Like A Dragon Gaiden: The Man Who Erased His Name (2023)

Like A Dragon Gaiden: The Man Who Erased His Name (2023)

2023 has been the year of Yakuza for me; as I rekindle my adoration for the Yakuza franchise once again by pickup up Yakuza 5 and plowing through all of Yakuza 6 and then playing a good chunk of Like A Dragon (Yakuza 7 technically) and then playing a couple hours of Inshin (the remake of the PS2 Spin off Yakuza game). I knew developers Ryu Ga Gotoku were making a sequel to the Like A Dragon game, but I didn’t know they were also making a new side game that continued Kiryu’s story.

With Yakuza 6, Kiryu basically goes into hiding to protect the kids of the Morning Glory orphanage that was started in Yakuza 3, along with Haruka and her son Haruto. It kinda seemed like Kiryu was riding off in the sunset, and I made peace with that, and tried to enjoy Like A Dragon for what it was. I wasn’t really thrilled with the combat changing into RPG style, but it’s not a bad thing, just not something I personally enjoy. When I came across a new Like A Dragon Gaiden game on Gamepass, I couldn’t help but be intrigued. Since Gaiden means “Side Story” in Japanese, I figured it wouldn’t be spoiling anything if I played this without finishing up the main Like A Dragon game from 2020.

Boy was I kinda wrong. But, I’m glad I did, because I ended up getting to play the real Yakuza 7 instead, a game that continues Kiryu Kazuma’s story, after he makes a pact with his new overseers to fake his death in order to protect the orphans. Living life now as “Joryu”, he does odd jobs here and there for the company keeping him “dead”. Kiryu/Joryu seems a bit disappointed, but ok with the life he now lives as it means protection for the kids. One man’s life for a bunch of kids' freedom…. Fair trade.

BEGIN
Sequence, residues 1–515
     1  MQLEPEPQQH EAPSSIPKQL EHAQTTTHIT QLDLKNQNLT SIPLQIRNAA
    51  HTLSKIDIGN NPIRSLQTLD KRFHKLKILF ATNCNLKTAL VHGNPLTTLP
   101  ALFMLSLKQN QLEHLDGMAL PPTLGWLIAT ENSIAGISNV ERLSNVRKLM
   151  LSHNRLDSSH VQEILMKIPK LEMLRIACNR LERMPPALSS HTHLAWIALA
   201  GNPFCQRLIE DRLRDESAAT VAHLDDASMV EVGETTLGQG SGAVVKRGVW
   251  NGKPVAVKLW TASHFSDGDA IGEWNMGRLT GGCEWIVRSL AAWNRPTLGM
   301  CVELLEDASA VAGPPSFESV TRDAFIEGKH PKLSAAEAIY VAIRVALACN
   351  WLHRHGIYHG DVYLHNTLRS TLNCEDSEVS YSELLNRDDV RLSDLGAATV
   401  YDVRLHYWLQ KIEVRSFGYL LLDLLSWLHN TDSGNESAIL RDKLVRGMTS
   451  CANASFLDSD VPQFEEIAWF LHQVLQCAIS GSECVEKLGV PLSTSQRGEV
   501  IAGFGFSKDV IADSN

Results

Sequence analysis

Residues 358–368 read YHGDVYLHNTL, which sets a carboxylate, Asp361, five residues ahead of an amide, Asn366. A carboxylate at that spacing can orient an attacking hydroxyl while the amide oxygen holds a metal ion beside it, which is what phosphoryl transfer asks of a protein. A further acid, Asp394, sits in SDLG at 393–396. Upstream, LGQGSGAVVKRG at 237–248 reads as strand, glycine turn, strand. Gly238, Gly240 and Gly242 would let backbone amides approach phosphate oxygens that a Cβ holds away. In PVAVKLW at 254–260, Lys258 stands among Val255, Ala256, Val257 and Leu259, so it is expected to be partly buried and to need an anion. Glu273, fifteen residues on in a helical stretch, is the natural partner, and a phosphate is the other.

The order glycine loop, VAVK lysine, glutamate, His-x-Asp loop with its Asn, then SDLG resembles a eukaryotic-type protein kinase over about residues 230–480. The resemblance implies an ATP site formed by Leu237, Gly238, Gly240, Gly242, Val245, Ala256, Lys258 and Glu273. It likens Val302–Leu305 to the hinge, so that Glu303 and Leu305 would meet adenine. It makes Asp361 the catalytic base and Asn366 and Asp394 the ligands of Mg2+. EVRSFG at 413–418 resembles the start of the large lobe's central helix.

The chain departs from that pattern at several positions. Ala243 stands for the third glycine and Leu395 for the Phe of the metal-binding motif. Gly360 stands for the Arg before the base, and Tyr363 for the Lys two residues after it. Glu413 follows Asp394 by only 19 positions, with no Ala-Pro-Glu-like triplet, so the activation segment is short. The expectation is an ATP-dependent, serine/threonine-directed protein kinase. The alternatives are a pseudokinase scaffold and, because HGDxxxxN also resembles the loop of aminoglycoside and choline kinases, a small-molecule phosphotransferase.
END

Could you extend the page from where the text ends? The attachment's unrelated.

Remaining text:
Things kick off as a simple trade goes horribly wrong, and Kiryu gets noticed. Everyone starts calling him out on it, and he plays dumb (because he is forced to) the entire game, correcting everyone “I have no clue who this Kiryu fella is, I’m Joryu, totally different guy”. It gets a bit annoying from time to time, because he never just owns up to it, even when the jig is up multiple times throughout the story.

With the Yakuza games, I don’t dive too deep into the mini-games, but for whatever reason, I ended up going the distance with the “Pocket Racing” mini slot car racing game. Maybe it was the fact that I ended up being reminded of my childhood, building pinebox derby cars with my dad in cub scouts, but I got deeply addicted to it. It probably helped that it was a quick “in and out” type of game that can be played in short bursts. Since that is the only type of time I had this week while playing the game.

The game is smaller in scope compared to the other games, and revisiting the same city as in other Yakuza games can get cumbersome. When I started the series, it initially made me question why people like these games that seem to have “lazy” designs to the levels, just copy and pasting the same city over and over again. But the real enjoyment with Yakuza games always comes with the phenomenal story, that spans decades, and follows up on so many different characters. Why this game was called “Gaiden” is beyond me, as it’s just as big as any other game out there (probably way more), and the fact that Ryu Ga Gotoku pumps these games out on a continual basis is unbelievable.